Review: Sleight: Book One of the AVRA-K by Jennifer Sommersby

15 Apr

Sleight

“Her mom is dead.
Ghosts follow her around.
Her best friend is an elephant.
And she’s about to meet the biggest game changer of all: a boy. With a secret.

When circus-dwelling Gemma Flannery learns she will be attending public school for the first time in her seventeen years, little does she know that fitting in with her 12th-grade classmates will be the least of her concerns. A pro at hiding her knack for seeing the dead (“shades”), Gemma is grieving the recent suicide of her mentally ill mother, a process eased by the introduction of her first real love interest, the charming and painfully handsome Henry Dmitri, who is harboring his own collection of dangerous secrets. Together, they will be presented with a frightening challenge: to assume their roles as heirs to a 3000-year-old magical text, the AVRAKEDAVRA, a book the über-rich, sleight-of-being master Lucian Dmitri would do anything to get his hands on. As each terrifying layer in her new reality melts away, Gemma unearths truths that her quiet, nomadic life with the Cinzio Traveling Players is not at all what she’d always cherished. Gemma and Henry must rely on each other to stop Lucian’s diabolical plotting that will bring the world to its tired, scab-riddled knees, and are sent on the flight of their young lives, to save themselves, their families, and the world from the darkest kind of destruction.
Let the chase begin” –Via Amazon

Sleight is the first self-published book I’ve ever read. It would have completely escaped my attention, had I not seen two fellow book bloggers discussing it’s awesome-ness on Twitter late one night. After reading a few reviews on Goodreads, I immediately downloaded it from Amazon to see for myself.

The story itself is one of the more original plots of any YA novel I’ve read lately. Gemma is part of an extended circus family, but just happens to have a “crazy” mother, and the ability to see shades. She’s denied her ability her whole life, but finally starts to accept it once her already weird life gets even weirder after the circus camps out in a small Washington town. High school is twice as complicated as usual when Gemma has to deal with ghostly shades seeking her attention, on top of the normal drama of teen life.

Everything changes once Gemma meets Henri Dimitri, the son of Lucian, the man who has sponsored the circus. Their friendship develops naturally, before blossoming into something more. Henri at times seems like a total goody-two-shoes (his flaws appear late in the story), but their story is romantic, and—-my favorite kind of YA novel relationship—-realistic. Their interactions via email and chat conversations were adorable. Both characters blossom and come into their own as they learn more about each other, their past, their true identities, and their joint destinies.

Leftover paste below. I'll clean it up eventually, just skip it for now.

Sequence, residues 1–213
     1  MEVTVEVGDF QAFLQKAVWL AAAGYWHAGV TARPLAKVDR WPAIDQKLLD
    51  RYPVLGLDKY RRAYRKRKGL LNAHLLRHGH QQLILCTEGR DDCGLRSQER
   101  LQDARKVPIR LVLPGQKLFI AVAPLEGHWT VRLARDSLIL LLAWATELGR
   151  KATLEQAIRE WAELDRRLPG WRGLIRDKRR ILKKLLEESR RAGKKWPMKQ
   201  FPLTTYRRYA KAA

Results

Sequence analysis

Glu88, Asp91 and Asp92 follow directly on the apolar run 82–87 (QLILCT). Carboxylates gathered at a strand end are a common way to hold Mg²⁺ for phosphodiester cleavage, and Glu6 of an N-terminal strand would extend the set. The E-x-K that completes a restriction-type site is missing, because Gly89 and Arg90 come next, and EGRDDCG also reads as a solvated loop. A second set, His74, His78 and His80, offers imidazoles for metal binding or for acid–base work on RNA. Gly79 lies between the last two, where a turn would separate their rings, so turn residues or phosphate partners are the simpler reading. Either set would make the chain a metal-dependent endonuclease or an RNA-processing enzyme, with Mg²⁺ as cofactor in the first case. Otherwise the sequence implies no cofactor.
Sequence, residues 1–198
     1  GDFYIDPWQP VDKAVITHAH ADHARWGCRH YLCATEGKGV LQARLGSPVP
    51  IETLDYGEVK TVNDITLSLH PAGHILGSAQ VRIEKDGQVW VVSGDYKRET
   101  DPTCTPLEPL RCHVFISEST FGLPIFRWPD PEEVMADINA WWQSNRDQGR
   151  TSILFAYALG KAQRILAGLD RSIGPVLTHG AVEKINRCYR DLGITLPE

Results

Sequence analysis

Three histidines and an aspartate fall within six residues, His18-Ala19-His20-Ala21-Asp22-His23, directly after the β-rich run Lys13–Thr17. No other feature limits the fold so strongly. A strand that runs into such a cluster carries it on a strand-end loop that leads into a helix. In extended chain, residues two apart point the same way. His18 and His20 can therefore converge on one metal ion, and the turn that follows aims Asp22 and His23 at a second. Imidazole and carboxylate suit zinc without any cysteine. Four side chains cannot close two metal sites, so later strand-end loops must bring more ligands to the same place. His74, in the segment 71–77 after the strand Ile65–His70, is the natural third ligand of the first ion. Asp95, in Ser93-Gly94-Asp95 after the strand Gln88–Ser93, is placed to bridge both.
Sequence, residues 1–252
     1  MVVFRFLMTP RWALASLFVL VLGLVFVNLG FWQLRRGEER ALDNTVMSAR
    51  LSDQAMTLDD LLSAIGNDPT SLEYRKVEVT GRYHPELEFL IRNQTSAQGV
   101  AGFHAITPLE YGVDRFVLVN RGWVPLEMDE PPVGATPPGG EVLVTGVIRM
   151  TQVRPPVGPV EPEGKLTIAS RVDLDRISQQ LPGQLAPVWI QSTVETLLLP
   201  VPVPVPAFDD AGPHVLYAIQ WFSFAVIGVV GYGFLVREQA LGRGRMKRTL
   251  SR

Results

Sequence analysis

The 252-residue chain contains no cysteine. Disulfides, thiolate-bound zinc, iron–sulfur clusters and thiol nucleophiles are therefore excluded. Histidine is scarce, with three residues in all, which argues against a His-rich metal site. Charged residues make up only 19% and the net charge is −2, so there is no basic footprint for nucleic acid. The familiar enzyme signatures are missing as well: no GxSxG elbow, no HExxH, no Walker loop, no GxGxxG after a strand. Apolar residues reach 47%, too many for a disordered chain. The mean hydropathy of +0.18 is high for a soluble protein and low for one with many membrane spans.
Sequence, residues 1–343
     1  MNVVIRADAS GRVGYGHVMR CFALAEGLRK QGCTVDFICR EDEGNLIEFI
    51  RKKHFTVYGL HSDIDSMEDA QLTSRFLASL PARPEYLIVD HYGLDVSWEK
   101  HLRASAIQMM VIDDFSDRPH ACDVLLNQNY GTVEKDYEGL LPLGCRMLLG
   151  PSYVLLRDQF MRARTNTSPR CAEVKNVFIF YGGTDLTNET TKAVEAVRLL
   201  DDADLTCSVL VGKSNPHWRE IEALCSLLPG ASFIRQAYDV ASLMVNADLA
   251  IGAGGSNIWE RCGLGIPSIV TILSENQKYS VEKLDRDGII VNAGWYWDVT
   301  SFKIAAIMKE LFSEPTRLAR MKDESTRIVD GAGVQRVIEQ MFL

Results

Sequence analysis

I LOVED the circus setting of the story. I’ve always enjoyed the magical feeling of circuses and carnivals, and have a special place in my heart for stories set in such locations since I have family members who grew up working there.
Sleight features an incredibly strong sense of place, leaving you feeling like you are right there at the show with Gemma’s extended circus family.

Her circus family, and their entire cast of secondary characters were well-developed and entertaining. You truly feel for Gemma as she’s betrayed by those close to her, and faces losses she never imagined she’d be able to survive. She grows quite a bit as a character, from denying her “abilities” to fully embracing them, and accepting who she truly is.

What I didn’t like: The story, while amazingly high quality and well written, with a great plot, could use one last round with an editor. The beginning seemed to be full of over-long sentences with lots of run ons, that distracted me enough just to take me out of the story. That ended after a few chapters, but later scenes seemed to drag at times, as if they were allowed to continue just a bit too long. The climax of the story just *happens* making me wonder if the book should have ended one chapter earlier, or one chapter later.

I thought Lucian, while slightly scary, and very powerful in the Gemma and Henri’s immediate world, wasn’t “all powerful” enough to be the world-changing villain he was portrayed to be. He was an expert manipulator, murderer, and control freak, but I was confused as to why the consequences of his actions were supposed to have any impact on humanity as a whole. While surely dangerous, Lucian is no Lord Voldemort, or Hitler—-someone his “world philosophies” supposedly influenced (I promise that reference will make sense once you read the book).

The “magic” in the book wasn’t explained as well as I would have liked. I never really saw anyone do anything I’d actually consider that magical. Whether that be in the Harry Potter, or David Copperfield sense. “Weird” things just happened, paranormal activity (ghosts, mind reading, psychic ability) abounds and is portrayed as being almost commonplace amongst the cast of characters, but most of Lucian’s evil doing could be attributed to his massive wealth controlling people, and his murderous ways striking fear into their hearts.

I’m hoping in the next book, thankfully out this fall, more of Lucian’s history and importance will be explained. I’d like more background on the AVRA-K book and how exactly it works as well. The story also ends abruptly after an extended chase, so I’m anxious to see what happens next. Overall, I feel like Sleight is a book I loved, but not enough to see through its (few) imperfections. The series has a LOT of potential, so I’d still recommend it for a very unique reading experience, enchanting world building, and interesting characters.

3.5 out of 5 Stars
Sleight is available now, on Amazon for $2.99.

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